Our conversation began with a review of the game's recent expansion, the Legacy of Romulus
. Stahl told me that the expansion really came about as a challenge from publisher Perfect World Entertainment
, which felt that Star Trek Online
could be performing better and wanted to see an expansion to the game. Stahl said that Cryptic looked at its resources and told PWE that an expansion would be possible... if
he could add the right resources and talent in order to pull it off. He said that PWE invested into STO
and its resource needs without really knowing how an expansion would do and that its ultimate success showed both Cryptic and PWE that STO
is "far from a game on maintenance" -- that "it's growing, and that if Cryptic can continue to put more resources into it, it can continue to grow."
Stahl told me that the team has been experiencing the opposite of what many other MMO development teams are currently facing. Instead of a reduction in the size of the work-force, his team has only expanded in size since STO
went free-to-play. Stahl admitted that it's been refreshing to be able to have the seats filled, which in turns allows the team to "bite off even bigger goals for the game." He said part of the goal with the expansion was to draw in new players as well as bring old players back to the game because it takes something big like an expansion to do that. As he explained it, the regular "season" updates were really targeted at existing players and to expand the endgame material, but they didn't really do a whole lot to draw in new players. The expansion and the new faction, on the other hand, were specifically focused on the outside market, and in the end, Stahl argued, the LoR
expansion proved that it paid off.
I asked Stahl about the ever-evolving relationship between PWE and Cryptic since the company's purchase. We talked a little bit about the community's skepticism over the purchase and discussed how difficult it can be to deal with a new "company culture" when a merger or buy-out occurs. Stahl told me that he's actually looking forward to strengthening the relationship between PWE and Cryptic, pointing to his recent trip to E3 as an example of how the two companies are forging ahead together. The conference, he explained, gave him the opportunity to see that there aren't many companies making PC-only massively multiplayer games anymore, that the market shows more people are interested in online multiplayer games that are available on multiple platforms.
"Platform was the big word that everyone was talking about at E3," he told me. And when it comes to PC-based games, "It's really the people in China [and other Asian markets] who still see a value in [the STO
-type] of product" and their place in a global market-place. He said that what happened with BioWare
and Star Wars: The Old Republic
showed that it's possible to spend a lot of money on a game and not have it pan out the way it was initially expected. Stahl believes that reflects the idea that the MMO "market has changed, that it has shifted, and that subscription-based MMOs have a big challenge ahead of them."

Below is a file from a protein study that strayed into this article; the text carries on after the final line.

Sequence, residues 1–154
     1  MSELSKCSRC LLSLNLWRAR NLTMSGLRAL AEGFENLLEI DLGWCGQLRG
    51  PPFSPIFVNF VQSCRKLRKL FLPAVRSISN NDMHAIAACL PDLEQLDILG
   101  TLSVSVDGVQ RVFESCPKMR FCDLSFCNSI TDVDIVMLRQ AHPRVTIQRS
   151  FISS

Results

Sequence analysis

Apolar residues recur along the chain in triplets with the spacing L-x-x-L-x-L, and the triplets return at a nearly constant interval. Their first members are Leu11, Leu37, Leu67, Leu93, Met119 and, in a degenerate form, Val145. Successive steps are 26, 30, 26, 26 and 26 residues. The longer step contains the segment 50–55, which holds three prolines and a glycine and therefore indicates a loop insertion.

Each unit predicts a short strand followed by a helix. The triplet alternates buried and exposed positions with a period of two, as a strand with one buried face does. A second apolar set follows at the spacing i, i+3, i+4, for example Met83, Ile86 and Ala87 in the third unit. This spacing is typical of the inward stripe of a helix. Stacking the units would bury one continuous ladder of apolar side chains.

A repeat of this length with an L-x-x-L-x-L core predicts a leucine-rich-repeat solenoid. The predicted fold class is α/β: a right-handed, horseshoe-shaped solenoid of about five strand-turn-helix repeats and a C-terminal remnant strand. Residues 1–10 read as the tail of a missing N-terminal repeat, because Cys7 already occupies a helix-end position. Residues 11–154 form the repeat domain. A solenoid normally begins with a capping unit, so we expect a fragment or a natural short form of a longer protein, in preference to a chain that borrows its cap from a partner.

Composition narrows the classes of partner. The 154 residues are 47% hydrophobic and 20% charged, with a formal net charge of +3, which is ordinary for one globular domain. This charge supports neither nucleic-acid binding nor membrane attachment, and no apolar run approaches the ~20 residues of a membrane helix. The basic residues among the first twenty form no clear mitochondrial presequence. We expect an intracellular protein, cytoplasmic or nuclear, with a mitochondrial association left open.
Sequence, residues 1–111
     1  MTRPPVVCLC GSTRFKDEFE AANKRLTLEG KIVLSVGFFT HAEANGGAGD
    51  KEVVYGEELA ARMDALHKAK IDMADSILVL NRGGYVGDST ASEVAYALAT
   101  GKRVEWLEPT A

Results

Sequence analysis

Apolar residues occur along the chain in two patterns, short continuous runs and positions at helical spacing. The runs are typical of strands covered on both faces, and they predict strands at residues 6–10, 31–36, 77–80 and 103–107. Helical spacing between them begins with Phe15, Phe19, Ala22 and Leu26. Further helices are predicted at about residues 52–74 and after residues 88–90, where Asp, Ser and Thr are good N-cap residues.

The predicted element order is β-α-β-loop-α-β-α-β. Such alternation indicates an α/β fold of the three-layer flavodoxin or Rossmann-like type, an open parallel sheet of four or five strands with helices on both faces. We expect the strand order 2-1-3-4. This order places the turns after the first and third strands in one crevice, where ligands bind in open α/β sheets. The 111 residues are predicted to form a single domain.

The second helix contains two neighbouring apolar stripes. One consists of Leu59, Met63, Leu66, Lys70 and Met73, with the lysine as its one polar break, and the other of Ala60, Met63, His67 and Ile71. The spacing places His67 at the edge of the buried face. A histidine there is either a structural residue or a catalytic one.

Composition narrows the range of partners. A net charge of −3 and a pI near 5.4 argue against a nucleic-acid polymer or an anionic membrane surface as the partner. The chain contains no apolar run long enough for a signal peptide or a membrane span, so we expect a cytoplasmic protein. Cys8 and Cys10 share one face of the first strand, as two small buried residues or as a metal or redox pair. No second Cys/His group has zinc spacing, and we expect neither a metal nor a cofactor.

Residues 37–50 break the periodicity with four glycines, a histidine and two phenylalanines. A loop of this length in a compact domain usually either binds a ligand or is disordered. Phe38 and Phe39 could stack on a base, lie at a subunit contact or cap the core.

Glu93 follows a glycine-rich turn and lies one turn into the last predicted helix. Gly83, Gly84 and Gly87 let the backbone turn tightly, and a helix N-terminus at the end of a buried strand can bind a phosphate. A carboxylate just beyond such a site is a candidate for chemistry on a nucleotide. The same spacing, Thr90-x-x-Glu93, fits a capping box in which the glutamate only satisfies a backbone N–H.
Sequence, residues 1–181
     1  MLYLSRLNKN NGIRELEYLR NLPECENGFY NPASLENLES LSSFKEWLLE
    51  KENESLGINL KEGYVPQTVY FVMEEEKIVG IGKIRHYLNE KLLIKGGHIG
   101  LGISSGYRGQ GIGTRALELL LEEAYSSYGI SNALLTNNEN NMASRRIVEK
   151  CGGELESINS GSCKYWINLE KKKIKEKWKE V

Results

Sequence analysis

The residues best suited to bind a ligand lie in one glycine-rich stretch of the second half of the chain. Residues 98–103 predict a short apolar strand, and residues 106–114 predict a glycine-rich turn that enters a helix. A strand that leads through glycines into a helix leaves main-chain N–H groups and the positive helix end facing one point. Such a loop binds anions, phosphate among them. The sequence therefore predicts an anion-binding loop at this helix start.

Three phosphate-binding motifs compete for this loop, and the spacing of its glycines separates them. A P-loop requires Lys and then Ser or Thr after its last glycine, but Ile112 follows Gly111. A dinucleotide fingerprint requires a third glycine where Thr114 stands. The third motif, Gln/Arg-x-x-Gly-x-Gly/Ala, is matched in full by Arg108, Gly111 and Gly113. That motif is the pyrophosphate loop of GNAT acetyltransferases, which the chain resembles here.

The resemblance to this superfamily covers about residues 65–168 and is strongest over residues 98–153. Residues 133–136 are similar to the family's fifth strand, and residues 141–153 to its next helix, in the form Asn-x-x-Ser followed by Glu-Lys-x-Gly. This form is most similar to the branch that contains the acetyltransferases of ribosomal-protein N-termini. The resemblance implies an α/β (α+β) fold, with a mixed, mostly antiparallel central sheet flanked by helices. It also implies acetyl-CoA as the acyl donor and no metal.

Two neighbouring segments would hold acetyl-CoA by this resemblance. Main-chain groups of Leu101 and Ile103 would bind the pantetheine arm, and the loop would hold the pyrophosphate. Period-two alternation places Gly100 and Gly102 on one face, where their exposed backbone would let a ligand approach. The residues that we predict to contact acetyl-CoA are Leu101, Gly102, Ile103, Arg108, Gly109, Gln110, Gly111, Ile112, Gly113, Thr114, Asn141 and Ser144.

He said that what's ultimately paying off for the Cryptic team in its relationship with PWE is that PWE still believes that there is a strong market for STO
and the other Cryptic MMO titles in Asian markets as well as in North America and Europe; accordingly, PWE is willing to invest into Cryptic in order to make it an MMO developer that can stand the test of time. PWE came into the relationship with a preexisting knowledge of the kind of games that Cryptic was making, Stahl explained, and the company did its homework in finding a company with similar goals. In fact, he said that it's been relatively easy to talk to PWE about making STO
even more successful and that PWE has been eager to support the game.
I asked Stahl whether or not he thought that STO
has the legs to move into other platforms in order to expand and access new players who might not want to be tied to a PC. "It would be somewhat challenging to get the game onto consoles," he told me, simply because of the complexities inherent in the game's UI and operating controls. However, he did suggest that there's an opportunity to "take the core components of Star Trek Online
and see what works on Gateway
, what works on tablet, and what works on mobile devices." With the advancement of video graphic capabilities in mobile devices, Cryptic is always wondering what it can do to take advantage of other platforms to enhance the game.
In that vein, Stahl told me Cryptic is already "in negotiations" to get STO
onto Mac as soon as possible. He believes that it's very possible we will see Mac accessibility by the end of the year and seemed excited about the potential for a number of different and creative ways STO
players could utilize multiple platforms because the sci-fi nature of the game could lend itself well to multiple platforms in the future.
There is a lot more to come in the weeks ahead as I continue on with my discussion with Daniel Stahl, including some of the questions that were sent in by our loyal Massively
readers! Don't forget, Daniel Stahl will be one of the Cryptic developers appearing at the Star Trek Online
panel at the Creation Star Trek Convention
on Saturday, August 10th! It has been confirmed that Trek Radio
will be recording and broadcasting the panel, so if you have any questions, feel free to send them to me at firstname.lastname@example.org
! Until next week, live long and prosper!Incoming communique from Starfleet Headquarters: Captain's Log is now transmitting direct from Terilynn Shull every Monday, providing news, rumors, and dev interviews about Star Trek Online. Beam communications to email@example.com.